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Box of products as a sample of goods


Boxes of products, transferred by a company without consideration, containing the same goods as well as boxes with mixed goods constitute samples referred to in Article 7.7 of the VAT Act. So their transfer is not chargeable with VAT – such position was confirmed by the Director of the Fiscal Chamber in Łódź in a binding ruling of 26 February 2016, ref. no.  1061-IPTPP1.4512.2016.2.AK.

Doubts about tax classification of transferred goods were brought by a company from the food sector, a producer and manufacturer of margarines and fats and various bakery products (bread, cakes, etc.) sold in frozen form. The company is planning a marketing campaign where it will give the said boxes of products to potential customers, thus enabling them to test the same and get familiar with the brand, which ultimately should translate into higher sales. The applicant noted that a potential customer must have several goods of the same type at disposal in order to be able to check what processes they undergo and whether they respond in the same way or differently. For example, time of baking, taste or best before period may be subject to verification.

The tax authority agreed with the applicant’s opinion – the said boxes of products may be – under certain conditions – classified as samples of goods and therefore their transfer may be excluded from VAT.

Let us remind – Article 5.1 of the VAT Act stipulates that VAT shall be charged, among others, on the supply of goods against consideration, which pursuant to Article 7.2 shall also mean the transfer by a taxable person of goods constituting property of his undertaking without consideration as donation, where the amount of input tax on the acquisition, import or manufacture of such goods or their components was wholly or partially deductible from the output tax. The quoted provision shall not apply, however, to gifts of small value and samples, provided that they are transferred for the purposes connected with the undertaking operated by the taxable person (Article 7.3 of the VAT Act). Definition of a sample may be found in Article 7.7 of the VAT Act, pursuant to which a sample shall mean an item or small quantity of goods identifiable as a sample, which enables to assess the features and properties of the goods in their final form, provided that their transfer (handing over) by a taxable person:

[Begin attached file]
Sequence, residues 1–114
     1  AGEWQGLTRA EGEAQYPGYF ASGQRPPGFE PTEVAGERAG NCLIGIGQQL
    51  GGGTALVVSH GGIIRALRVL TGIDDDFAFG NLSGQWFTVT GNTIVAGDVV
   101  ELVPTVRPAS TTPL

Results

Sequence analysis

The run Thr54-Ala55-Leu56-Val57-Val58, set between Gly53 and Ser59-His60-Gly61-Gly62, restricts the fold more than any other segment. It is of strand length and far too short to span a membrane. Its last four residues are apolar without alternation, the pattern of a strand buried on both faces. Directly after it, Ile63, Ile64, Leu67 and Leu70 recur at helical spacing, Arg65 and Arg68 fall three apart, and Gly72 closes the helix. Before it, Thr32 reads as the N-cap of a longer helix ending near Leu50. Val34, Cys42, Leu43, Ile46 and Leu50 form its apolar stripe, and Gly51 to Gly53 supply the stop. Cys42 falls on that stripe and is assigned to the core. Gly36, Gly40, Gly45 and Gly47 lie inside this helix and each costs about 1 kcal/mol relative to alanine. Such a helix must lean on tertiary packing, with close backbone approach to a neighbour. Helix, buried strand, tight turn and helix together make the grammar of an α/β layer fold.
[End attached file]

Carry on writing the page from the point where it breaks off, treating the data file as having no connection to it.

1. is aimed at promoting such goods, and
  2. in principle does not serve the purpose to satisfy the needs of the ultimate recipient with respect to such goods, unless satisfaction of the needs of such recipient is an inherent element of promoting those goods and is to convince the recipient to buy the promoted product.

The tax authority noted that the transfer of a sample is not chargeable with the tax if it is made for promotional and advertising purposes, i.e. it enables the recipients to get familiar with the features and effects of the goods, and consequently to find their advantages, drawbacks as well as differences in comparison to other products available on the market. The transfer of a sample is aimed only at convincing the recipient to make the purchase. Essential in this regard is lack of commercial nature of the transfer, assessed on the basis of the quantity or value of the offered goods. So we cannot talk about a sample where the quantity and value of transferred products may cover, both in terms of value and quantity, a potential demand (or a part thereof) of the customer, eliminating or limiting the need to make the purchase, to which the “sample” was in fact only to convince.  

The authority has found that in the presented factual situation samples are transferred, although the company planned to provide boxes containing from 5 to 20 pieces of products. The position of the tax authority in the binding ruling should be seen as favourable for taxpayers because in fact it does not limit the notion of a sample to only 1 piece of product, enabling more flexible approach to the case and the transfer of larger quantities. No need to pay the output tax should not only lower the costs of marketing campaigns but convince the taxpayers to carry them out more often. Nevertheless, it should be remembered that each business situation should be assessed on a case by case basis whether samples are transferred, i.e. whether all statutory conditions are met and the goods are transferred for promotional and advertising purposes. While in the case of discussed frozen products we may actually speak about testing of e.g. different ways of baking, it will be difficult to prove to the tax authority that the aim of providing a box of exactly the same pens is to enable a potential recipient to get familiar with the properties of those pens.